[Spread-users] cost of failures

Paul Rubel prubel at bbn.com
Wed Oct 5 14:39:33 EDT 2005


Hi Theo,

 Thanks for the response! The daemon is certainly the interesting
part, thanks for clarifying that. 

Theo Schlossnagle writes:
 > Paul Rubel wrote:
 > 
 > >Hello,
 > >
 > >We have been working with Spread and are trying to understand the
 > >worst case behavior when a group member fails. In particular, I'm
 > >curious how long should it take for the group to recognize that a
 > >member has failed and to agree upon a new group membership without the
 > >failed member. That is, how long might a process need to wait between
 > >a failure and receiving a new membership message.
 > >
 > >I'm guessing that some of the factors in play here will be the type of
 > >network, the number of members and their locations, the spread
 > >timeout_* values, and the timing of the failure in respect to the
 > >protocol steps. Are there some aspects that are so dominant that we
 > >can practically ignore the others?
 > >
 > >I can run some tests but I suspect that there is a higher-level
 > >insight lurking here.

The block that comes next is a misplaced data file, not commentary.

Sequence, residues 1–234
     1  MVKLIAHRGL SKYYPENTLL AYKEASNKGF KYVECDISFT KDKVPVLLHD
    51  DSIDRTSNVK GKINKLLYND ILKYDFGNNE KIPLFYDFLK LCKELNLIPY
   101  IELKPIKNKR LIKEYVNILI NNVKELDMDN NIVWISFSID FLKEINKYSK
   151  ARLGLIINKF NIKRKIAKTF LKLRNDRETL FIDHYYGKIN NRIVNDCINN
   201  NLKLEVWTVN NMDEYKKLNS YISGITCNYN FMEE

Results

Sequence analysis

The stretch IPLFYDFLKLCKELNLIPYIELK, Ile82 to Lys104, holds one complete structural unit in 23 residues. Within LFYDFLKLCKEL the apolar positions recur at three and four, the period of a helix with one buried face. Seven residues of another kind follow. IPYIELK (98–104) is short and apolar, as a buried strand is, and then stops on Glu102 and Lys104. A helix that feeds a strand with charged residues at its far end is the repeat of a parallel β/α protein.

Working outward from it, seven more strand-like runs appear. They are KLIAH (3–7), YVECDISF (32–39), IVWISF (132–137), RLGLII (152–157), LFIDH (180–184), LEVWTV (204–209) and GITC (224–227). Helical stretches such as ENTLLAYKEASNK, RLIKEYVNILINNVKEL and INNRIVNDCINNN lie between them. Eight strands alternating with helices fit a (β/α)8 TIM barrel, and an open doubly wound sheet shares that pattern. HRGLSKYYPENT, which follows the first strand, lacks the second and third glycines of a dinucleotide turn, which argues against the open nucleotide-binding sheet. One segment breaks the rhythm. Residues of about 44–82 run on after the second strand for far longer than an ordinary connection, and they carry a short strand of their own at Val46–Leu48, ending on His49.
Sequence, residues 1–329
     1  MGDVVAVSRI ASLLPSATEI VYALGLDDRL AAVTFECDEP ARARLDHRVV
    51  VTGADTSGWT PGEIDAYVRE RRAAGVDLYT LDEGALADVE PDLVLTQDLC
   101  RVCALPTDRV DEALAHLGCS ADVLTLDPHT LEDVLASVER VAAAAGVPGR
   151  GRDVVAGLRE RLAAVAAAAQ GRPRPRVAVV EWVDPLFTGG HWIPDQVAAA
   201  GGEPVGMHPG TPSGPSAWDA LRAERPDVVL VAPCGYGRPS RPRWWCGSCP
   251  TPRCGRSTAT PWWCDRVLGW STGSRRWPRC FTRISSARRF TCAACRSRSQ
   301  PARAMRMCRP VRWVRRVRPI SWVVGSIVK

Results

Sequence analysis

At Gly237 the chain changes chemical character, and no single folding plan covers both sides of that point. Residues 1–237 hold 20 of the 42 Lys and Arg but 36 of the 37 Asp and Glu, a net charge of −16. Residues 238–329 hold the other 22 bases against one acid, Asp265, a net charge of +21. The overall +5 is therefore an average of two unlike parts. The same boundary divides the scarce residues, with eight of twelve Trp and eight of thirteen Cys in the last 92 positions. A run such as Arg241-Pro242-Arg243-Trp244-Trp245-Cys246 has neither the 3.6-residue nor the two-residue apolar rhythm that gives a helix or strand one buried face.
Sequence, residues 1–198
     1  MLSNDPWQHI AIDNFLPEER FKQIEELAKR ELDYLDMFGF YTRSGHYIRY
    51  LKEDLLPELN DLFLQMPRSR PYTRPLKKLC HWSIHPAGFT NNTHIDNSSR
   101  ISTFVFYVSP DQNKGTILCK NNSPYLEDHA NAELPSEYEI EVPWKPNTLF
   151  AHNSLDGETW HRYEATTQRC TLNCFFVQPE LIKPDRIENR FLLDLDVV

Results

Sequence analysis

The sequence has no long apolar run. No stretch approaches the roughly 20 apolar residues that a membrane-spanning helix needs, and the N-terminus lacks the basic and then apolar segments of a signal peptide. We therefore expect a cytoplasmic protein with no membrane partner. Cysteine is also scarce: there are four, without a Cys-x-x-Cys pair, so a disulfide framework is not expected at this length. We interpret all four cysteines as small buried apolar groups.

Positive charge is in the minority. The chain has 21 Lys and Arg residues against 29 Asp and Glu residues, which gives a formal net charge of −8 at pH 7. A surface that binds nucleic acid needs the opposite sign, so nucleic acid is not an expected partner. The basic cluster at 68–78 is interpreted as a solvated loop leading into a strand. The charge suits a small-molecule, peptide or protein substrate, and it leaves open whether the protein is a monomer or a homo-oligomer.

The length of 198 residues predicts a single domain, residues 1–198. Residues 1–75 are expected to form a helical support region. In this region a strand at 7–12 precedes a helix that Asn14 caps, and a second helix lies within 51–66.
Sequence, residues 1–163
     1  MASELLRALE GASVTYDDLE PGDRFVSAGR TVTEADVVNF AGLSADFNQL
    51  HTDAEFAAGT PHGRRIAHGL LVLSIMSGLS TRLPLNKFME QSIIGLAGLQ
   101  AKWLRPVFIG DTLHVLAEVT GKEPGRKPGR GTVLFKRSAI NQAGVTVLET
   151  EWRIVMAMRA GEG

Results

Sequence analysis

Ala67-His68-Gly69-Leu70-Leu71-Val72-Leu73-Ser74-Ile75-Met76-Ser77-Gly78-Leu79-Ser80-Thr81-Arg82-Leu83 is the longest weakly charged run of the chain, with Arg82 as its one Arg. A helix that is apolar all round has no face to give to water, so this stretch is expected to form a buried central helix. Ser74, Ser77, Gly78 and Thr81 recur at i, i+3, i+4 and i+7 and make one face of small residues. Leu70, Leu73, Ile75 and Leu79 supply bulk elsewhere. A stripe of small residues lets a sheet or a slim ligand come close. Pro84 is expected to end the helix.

> >  
 > >
 > A group member can't really affect the convergence time of the group.  
 > That is managed by the Spread daemon and the member leaving or joining 
 > is a singular event.  There are many things that come into play in 
 > defining an expected turn around on a new membership, the most 
 > infulential being your network topology and behaviour, but can also be 
 > affected by things like system load.

What do you mean by network behavior? Utilization? 

What mechanism do the daemons use to find membership? Is it a
heartbeat that times out or something else?

 >
 > However, if you are speaking of a _daemon_ failure and the expected
 > and maximal times for a new daemon membership to converge the
 > situation is not so clean. An adversarial daemon on the network can
 > easily prevent the Spread ring from ever converging on a
 > membership.  Unfortunately, this can also be caused by acute (yet
 > subtle) networking issues like a VLAN QoSing packets differently
 > base on multicast/unicast or some sort of bad packet loss between
 > two machines.  Some of these networking issue can be quite
 > difficult to detect.  So the above is really bad news, but the good
 > news is that once you understand your network and work out the
 > kinks, it is often times possible to _engineer_ a safe solution to
 > deploy it by using tight firewall policies or a dedicated switch to
 > handle Spread traffic, etc.

The case I'm curious about would be essentially a fail-stop failure of
a host, which takes down a group member and its daemon but where there
is no malicious activity taking place. 

   thanks again,
    Paul




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